These four rim sherds were recovered from the Pawnee Indian Village site in Republic County during 1965 and 1966 archeological investigations by Kansas Historical Society archeologists. The rim sherds are decorated on the collar (a ridge or band folded over from the top of the vessel) and on the lip, with two of the sherds having additional decoration on the interior. The rim sherds are decorated with opposed diagonal designs and incised and tool trailed diagonal lines. The Pawnee Indian Village is listed in the National Register of Historic Places. A museum was built over one of the many remains of one of earthlodges, which was left open after the excavation.


Damage to the Pike Pawnee monument in Republic County, Kansas

Damage to the Pike Pawnee monument in Republic County, Kansas
Date: 1946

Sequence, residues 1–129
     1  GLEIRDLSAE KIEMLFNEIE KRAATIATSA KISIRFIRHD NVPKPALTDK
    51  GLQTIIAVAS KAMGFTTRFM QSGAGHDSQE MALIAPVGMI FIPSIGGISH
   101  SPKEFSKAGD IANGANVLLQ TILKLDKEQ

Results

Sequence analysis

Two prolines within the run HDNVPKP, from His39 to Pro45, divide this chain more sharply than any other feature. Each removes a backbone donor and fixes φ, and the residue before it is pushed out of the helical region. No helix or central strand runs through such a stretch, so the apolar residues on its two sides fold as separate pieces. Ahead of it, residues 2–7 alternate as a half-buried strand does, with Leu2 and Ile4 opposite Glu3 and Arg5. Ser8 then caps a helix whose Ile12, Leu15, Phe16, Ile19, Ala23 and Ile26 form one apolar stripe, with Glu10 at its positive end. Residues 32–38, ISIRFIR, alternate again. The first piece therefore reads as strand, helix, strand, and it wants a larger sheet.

Several views of damage to the Pike Pawnee monument in Republic County, Kansas. This monument is part of the Pawnee Indian Museum, the oldest historic site owned by the state of Kansas. In 1899 George and Elizabeth Johnson deeded to the state of Kansas most of the site upon which a large Kitkehahki (Republican) band Pawnee earth lodge village had stood in the late 1700's. The state accepted the site in 1901, put up an iron fence and erected a granite obelisk to mark the site where in 1806, United States explorer Zebulon Pike convinced the Pawnees to lower the Spanish flag, recently left there by a large Spanish force and raise the United States flag. Supposedly this was the first time the U.S. flag was raised west of the Missouri River. This flag raising episode was true except it happened about 40 miles up the Republican River at a village the Pawnees moved to after deserting this one. The portion of this site that was saved included 22 earth lodge depressions, numerous storage pit depressions, and remains of the fortification wall. Two house depressions were excavated in 1949 but intensive investigation of the site did not occur until 1965 under the direction of Kansas State Archeologist Tom Witty. In 1967 the museum was constructed around one of the largest of the lodge depressions before it was excavated. What the residents of the lodge left behind was uncovered by the archeologists and left in the exact same spots. Only eight of the 22 lodge depressions have been excavated. The site was listed in the National Register of Historic Places in 1971. Today the site is operated by the Kansas Historical Society as Pawnee Indian Museum State Historic Site.